Erstwhile GOP frontrunner Jeb Bush only maintains any advantage over his 16 Republican rivals because of his record breaking fundraising, as the former Florida governor has seen his name recognition and polling advantage trounced by uber-celebrity Donald Trump, and now his firewall of New Hampshire is being threatened by fellow "moderate" John Kasich.
The Washington Post reports that Bush's campaign is worried about the first-in-the-nation primary state as the straight-talking, plain dealing Ohio Governor Kasich has seen his popularity in the Granite State rise with a sharpened focus on the state:
A late entrant, Kasich is winning buzzed-about endorsements and has shot up in the polls here amid a multimillion-dollar ad campaign by his allied super PAC, New Day for America.
Over the past week, two important members of Romney’s New Hampshire team — senior adviser Tom Rath and former state House speaker Doug Scamman — have signed on with Kasich.
Aides at Bush headquarters in Miami have been researching Kasich’s background, including the many votes he cast as a member of Congress, and are pitching reporters on negative stories about him. So-called opposition research is a staple of most campaigns, but it is telling that Kasich is now under the Bush team’s microscope.
Some major Bush donors quietly have reached out to the Kasich team in recent days to learn more about the Ohio governor and express interest in possibly supporting him, according to Republicans familiar with the conversations.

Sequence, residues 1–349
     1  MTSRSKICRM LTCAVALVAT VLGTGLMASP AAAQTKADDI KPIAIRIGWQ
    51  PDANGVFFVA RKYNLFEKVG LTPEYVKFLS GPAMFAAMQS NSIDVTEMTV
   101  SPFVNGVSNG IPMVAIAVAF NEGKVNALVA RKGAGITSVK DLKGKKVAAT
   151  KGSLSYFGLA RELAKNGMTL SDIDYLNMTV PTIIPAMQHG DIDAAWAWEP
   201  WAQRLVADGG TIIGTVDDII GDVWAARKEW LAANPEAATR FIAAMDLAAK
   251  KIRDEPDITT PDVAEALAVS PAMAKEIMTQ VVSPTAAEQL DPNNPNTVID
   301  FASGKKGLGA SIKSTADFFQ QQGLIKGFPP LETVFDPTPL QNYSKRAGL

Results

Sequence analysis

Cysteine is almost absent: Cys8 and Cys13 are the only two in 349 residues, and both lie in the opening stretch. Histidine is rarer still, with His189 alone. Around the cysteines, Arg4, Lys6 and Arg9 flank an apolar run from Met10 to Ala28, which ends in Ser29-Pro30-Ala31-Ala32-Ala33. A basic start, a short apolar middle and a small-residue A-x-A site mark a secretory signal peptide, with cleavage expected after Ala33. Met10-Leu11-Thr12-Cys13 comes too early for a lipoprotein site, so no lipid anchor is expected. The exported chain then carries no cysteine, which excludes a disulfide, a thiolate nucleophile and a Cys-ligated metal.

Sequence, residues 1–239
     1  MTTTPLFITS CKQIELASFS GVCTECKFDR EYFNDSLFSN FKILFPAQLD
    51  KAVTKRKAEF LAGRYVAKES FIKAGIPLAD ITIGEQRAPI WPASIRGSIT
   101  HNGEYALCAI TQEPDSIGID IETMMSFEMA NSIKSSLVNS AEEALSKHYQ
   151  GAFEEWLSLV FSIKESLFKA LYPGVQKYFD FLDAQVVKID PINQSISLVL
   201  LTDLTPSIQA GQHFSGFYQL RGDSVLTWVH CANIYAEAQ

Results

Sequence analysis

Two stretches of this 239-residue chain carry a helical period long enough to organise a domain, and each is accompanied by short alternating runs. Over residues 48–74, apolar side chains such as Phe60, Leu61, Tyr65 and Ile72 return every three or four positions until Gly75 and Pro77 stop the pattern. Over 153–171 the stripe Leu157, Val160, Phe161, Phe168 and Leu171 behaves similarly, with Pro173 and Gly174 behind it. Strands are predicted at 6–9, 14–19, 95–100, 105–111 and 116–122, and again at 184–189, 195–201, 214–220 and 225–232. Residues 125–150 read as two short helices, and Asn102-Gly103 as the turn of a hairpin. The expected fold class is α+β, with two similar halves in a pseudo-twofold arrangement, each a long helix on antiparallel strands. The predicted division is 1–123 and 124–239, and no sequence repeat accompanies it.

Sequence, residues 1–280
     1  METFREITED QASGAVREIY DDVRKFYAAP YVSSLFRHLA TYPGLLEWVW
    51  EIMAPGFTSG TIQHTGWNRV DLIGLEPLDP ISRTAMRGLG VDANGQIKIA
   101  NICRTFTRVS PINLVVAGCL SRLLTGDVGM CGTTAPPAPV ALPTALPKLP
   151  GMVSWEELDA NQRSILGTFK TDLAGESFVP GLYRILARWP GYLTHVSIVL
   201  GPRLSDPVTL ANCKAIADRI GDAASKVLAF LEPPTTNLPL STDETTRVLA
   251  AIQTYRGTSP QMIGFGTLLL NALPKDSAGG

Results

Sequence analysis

A spokesperson for New Day for America, the super PAC supporting Kasich, confirmed to Fox News that several Bush donors had been in contact with the organization in recent days but declined to elaborate.
Kasich’s campaign manager, John Weaver, told Politico last week that "he received two calls from New Hampshire journalists who claimed they had received opposition research from the Bush camp," although the Bush campaign denies the allegation.
Following the first debate in Kasich's backyard of Cleveland, Ohio, the Governor has seen his standing in the polls improve despite being one of the latest entrants in the crowded field while Bush has seen his second place standing hardly hold steadfast as political neophyte Ben Carson creeps ahead in many national polls. But it may more than Bush's troubling poll numbers that has some in his circle of support worried -- Bush's performance on the campaign trail is hardly inspiring. Take for example, this week's education summit in New Hampshire that put both moderates on the hot seat as the only two candidates who support the deeply unpopular (for the conservative Republican primary base) Common Core. Bush displayed a clear unease with an issue his campaign surely anticipated while Kasich effortlessly shrugged off criticism with confidence and ease:
Common Core. “What’s that?” former Florida Gov. Jeb Bush joked Wednesday.
Appearing at an education summit in New Hampshire, Bush and fellow Republican presidential contender Ohio Gov. John Kasich were both asked about their support for the controversial K-12 standards.
Kasich took a blunter tone than Bush, saying they were “pretty good” and “I’m not going to change my position because there are four people in the front row yelling at me. I just don’t operate that way.”
A Boston Herald/Franklin Pierce University poll released earlier this month found Kasich in third place with 12 percent of the vote, just one percentage point behind Bush and six points behind frontrunner Trump, who pounded Bush at a dueling New Hampshire town hall last night.